Researchers from The University of Western Australia want to know how women use medication, their beliefs about medication safety and where they seek out information during pregnancy.
The team from the UWA School of Population and Global Health has launched an online survey targeting women in Australia who have been pregnant in the past 12 months and are over the age of 18.
The results will provide important information about the use of medications during pregnancy.
Previous studies have included only small numbers of Australian women and have not investigated beliefs about medication use or sources of information during pregnancy.
The survey asks women about their experiences with prescription and over-the-counter medications during pregnancy, but women who have not used any medications are also encouraged to participate.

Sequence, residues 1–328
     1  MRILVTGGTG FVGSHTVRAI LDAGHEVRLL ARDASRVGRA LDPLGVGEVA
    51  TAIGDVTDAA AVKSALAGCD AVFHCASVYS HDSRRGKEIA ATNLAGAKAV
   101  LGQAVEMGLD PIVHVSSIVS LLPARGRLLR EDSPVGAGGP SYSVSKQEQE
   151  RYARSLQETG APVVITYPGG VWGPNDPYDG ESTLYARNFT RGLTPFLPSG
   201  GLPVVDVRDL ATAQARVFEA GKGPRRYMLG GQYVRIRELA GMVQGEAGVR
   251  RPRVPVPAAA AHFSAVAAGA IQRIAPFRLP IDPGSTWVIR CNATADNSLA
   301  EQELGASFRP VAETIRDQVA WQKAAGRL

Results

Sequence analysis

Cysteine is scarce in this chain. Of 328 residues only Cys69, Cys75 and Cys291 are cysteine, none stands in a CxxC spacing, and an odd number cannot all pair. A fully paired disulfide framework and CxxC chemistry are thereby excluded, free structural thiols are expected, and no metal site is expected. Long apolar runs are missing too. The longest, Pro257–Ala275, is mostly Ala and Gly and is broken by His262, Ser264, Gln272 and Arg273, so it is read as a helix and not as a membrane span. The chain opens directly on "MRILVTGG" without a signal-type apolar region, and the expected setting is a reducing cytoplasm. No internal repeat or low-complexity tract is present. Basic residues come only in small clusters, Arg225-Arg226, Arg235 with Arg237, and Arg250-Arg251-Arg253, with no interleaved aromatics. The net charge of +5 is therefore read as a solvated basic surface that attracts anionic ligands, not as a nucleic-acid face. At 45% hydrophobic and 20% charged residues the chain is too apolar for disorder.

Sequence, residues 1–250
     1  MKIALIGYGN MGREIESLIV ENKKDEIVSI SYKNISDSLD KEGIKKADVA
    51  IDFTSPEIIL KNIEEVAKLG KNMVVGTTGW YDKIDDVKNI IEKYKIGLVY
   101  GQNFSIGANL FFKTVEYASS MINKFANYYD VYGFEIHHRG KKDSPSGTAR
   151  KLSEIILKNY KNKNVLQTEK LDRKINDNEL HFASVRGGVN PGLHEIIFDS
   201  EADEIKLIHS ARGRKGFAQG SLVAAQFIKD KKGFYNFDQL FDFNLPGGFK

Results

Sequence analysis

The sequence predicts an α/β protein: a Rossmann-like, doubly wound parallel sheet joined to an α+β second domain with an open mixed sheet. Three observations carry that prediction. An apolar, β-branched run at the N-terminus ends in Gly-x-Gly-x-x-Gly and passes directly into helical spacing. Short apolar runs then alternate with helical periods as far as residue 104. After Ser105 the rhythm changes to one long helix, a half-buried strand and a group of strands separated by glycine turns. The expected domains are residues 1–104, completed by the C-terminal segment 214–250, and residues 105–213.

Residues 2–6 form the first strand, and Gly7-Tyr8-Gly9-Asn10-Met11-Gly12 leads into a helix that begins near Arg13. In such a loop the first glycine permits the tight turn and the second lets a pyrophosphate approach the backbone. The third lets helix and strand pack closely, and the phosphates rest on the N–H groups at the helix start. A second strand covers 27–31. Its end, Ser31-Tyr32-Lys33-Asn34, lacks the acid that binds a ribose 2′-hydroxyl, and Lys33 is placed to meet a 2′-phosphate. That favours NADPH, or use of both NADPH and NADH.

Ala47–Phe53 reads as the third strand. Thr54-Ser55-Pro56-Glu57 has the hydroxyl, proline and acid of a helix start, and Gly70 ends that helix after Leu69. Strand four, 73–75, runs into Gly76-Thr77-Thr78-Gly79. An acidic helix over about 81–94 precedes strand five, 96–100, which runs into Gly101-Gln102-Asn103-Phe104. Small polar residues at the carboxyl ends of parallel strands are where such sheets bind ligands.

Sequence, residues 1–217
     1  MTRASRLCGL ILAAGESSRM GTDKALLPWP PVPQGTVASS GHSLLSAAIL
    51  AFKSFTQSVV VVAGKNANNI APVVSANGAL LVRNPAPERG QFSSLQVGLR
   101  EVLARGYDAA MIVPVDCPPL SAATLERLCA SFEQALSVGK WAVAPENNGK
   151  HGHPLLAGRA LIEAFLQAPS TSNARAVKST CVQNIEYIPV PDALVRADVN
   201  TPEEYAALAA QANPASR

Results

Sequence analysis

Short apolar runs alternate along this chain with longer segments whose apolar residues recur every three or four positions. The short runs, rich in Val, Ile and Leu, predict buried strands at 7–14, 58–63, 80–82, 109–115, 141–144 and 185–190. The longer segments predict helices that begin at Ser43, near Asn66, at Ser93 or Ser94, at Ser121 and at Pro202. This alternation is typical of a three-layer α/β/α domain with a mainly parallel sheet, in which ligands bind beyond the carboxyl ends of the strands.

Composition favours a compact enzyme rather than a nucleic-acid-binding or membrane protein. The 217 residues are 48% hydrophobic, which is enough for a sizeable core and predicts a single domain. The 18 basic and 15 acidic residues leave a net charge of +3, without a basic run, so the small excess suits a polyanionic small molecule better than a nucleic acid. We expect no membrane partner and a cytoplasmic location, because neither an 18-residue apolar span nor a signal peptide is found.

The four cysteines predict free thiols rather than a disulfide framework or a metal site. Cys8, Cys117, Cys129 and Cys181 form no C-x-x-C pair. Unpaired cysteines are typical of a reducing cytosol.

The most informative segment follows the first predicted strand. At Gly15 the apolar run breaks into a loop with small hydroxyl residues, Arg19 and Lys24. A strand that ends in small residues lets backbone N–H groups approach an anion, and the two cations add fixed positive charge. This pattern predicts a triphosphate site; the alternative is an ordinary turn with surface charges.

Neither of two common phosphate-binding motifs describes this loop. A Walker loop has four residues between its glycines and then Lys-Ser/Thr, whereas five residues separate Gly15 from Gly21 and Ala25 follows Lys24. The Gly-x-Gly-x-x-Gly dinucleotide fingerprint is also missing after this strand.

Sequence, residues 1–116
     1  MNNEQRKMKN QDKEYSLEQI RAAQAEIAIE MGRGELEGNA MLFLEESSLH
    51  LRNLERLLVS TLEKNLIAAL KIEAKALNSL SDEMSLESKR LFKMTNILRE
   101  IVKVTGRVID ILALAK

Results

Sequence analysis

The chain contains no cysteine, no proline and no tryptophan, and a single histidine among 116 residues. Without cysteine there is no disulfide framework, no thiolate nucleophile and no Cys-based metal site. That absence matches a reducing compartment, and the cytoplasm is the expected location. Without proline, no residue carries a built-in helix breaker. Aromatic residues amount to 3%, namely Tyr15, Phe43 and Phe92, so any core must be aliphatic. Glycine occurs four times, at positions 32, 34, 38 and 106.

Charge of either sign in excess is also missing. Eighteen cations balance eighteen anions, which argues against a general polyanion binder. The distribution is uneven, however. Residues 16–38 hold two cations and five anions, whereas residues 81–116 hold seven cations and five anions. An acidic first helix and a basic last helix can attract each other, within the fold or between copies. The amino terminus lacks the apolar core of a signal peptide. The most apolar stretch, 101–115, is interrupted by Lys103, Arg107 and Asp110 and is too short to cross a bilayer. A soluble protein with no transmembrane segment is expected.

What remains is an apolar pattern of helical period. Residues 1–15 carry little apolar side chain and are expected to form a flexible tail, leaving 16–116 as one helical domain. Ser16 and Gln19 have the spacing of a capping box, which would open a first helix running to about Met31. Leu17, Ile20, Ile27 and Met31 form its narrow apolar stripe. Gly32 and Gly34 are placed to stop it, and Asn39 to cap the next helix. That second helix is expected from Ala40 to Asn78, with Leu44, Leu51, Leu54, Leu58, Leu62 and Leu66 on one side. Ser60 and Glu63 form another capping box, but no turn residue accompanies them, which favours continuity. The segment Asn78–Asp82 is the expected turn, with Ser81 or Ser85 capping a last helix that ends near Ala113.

Lead investigator, Dr Erin Kelty said the survey’s insights into women’s behaviour and views would support health experts in providing pregnant women with access to safe medications when they required them.
“The study has the potential to help health professionals guide pregnant women to reliable and commonly sought-after information about medication safety in pregnancy,” Dr Kelty said.
Dr Kelty said the team was hoping to understand the types and prevalence of medications used as well as women’s attitudes about medication use in pregnancy.
“The use of medications in pregnancy is common, but the effect can range from completely benign to catastrophic”, Dr Kelty said.
“This study will provide us with a better understanding of what proportions of medications being used during pregnancy are considered safe and unsafe, and can help guide future research into the area.”
The survey is anonymous and takes five to 10 minutes to complete online. It will remain open until the end of September.